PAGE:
TelevisionWeek contributing writer Daisy Whitney is blogging about the pinnacles and pitfalls facing viewers who want to consume television in new ways. Check in frequently as Daisy kicks the tires on the new media juggernaut and dishes on which services do -- and don’t -- make the cut.


Trial and Error

I’m Hosting 'This Week in Media'!

May 20, 2008 7:44 AM

Today’s blog is dedicated to shameless self-promotion. Be sure to listen to this week’s edition of the audio podcast “This Week in Media.” I’m already a regular weekly contributor, but this week I’m hosting the whole shebang! And here’s a link to listen/subscribe using iTunes.

In other news, are you listening to your kids? Because kids are influencing their parents when it comes to new-media buying decisions, according to a study released this week by Motorola. The study looks at the behavior of young adults, ages 16 to 27, regarding consumer technology and media consumption.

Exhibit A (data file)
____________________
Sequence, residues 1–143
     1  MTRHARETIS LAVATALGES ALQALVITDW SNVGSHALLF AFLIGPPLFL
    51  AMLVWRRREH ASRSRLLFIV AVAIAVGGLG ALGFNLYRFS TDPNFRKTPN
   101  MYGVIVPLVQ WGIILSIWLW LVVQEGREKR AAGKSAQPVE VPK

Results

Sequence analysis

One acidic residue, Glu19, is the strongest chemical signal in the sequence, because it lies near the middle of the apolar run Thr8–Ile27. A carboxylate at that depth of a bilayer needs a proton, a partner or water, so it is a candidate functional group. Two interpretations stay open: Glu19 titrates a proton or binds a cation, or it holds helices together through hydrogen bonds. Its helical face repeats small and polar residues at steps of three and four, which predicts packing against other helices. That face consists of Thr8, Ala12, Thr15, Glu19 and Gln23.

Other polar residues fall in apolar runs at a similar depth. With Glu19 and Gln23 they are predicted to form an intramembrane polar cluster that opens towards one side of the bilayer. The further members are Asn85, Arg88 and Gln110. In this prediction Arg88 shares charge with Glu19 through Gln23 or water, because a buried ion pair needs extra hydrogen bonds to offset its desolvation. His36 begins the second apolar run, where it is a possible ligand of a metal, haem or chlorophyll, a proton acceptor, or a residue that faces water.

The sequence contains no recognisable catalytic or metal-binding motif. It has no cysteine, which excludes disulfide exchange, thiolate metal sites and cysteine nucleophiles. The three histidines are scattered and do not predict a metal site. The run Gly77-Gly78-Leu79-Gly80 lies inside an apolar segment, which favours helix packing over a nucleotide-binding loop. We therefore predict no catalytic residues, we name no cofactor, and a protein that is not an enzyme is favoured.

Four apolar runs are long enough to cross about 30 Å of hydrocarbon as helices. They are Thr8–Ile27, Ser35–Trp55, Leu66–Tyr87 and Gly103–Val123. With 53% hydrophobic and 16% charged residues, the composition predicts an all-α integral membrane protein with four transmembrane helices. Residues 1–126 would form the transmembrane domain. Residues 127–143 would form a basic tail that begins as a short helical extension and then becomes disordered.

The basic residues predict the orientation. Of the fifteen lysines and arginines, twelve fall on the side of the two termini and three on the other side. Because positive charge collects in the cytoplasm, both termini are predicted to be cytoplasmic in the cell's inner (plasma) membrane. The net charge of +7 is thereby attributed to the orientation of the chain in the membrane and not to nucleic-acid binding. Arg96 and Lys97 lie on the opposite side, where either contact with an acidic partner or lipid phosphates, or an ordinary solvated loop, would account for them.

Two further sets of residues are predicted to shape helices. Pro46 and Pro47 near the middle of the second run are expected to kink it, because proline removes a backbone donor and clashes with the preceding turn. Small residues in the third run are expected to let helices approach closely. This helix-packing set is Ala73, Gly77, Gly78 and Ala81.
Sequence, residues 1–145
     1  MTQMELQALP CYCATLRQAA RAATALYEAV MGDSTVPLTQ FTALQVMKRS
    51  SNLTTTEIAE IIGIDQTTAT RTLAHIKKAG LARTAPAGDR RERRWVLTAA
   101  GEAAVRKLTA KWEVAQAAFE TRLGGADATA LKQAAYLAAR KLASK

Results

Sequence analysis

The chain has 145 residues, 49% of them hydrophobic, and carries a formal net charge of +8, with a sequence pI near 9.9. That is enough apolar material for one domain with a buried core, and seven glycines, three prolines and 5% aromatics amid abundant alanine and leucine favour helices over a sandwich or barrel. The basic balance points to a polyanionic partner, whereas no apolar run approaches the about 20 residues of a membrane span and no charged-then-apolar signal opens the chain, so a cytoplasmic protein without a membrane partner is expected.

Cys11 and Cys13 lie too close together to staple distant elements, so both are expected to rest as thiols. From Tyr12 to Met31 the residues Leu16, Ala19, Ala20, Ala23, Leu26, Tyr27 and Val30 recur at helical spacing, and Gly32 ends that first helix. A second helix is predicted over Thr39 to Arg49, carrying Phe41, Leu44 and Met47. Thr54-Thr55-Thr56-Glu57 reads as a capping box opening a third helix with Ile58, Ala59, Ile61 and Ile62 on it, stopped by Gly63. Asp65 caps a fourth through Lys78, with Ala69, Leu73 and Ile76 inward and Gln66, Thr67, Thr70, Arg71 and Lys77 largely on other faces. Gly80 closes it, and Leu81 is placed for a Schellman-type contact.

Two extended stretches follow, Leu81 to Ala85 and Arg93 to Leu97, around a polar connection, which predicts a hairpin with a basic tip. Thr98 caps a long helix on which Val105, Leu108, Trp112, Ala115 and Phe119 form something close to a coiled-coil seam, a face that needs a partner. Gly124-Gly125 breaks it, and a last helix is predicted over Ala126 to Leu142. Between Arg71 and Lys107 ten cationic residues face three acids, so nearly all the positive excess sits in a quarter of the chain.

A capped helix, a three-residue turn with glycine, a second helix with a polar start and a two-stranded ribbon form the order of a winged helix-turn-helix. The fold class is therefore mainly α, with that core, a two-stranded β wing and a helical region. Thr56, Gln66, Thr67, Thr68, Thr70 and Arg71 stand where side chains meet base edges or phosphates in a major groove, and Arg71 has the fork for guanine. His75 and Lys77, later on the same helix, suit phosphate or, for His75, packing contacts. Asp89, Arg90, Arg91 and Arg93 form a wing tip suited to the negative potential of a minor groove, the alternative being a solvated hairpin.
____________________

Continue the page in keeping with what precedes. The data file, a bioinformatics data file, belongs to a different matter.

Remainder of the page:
The study found that:

—71% have influence over parental decisions about cable, DSL or satellite-dish services, including young people who no longer live with their parents.

—62% have influence over which HDTV set and programming package to buy.
—70% feel their expectations and demands are far greater than their parents’ for rich media experiences (such as mobile TV or video) and on-the-go broadband access.

This generation also wants content when they want it, not on someone else’s schedule. The study found that:

—84% expressed interest in archived TV programs and movies available on-demand.

—87% would find it appealing to watch programming in areas of their home where they don’t have a TV.

—86% have interest in being able to pause a TV program in one room and resume play in another room in the house.

—83% have interest in the ability to download TV programs from a DVR to a memory device for use on mobile players.


TrackBack URL for this entry:

Comments (1)

Kesten Migdal:

My kids are only 6 and 3 and I'm already way too influenced by them. I can't imagine what will happen when they're teenagers! Thanks for the link to the podcast.

Post a comment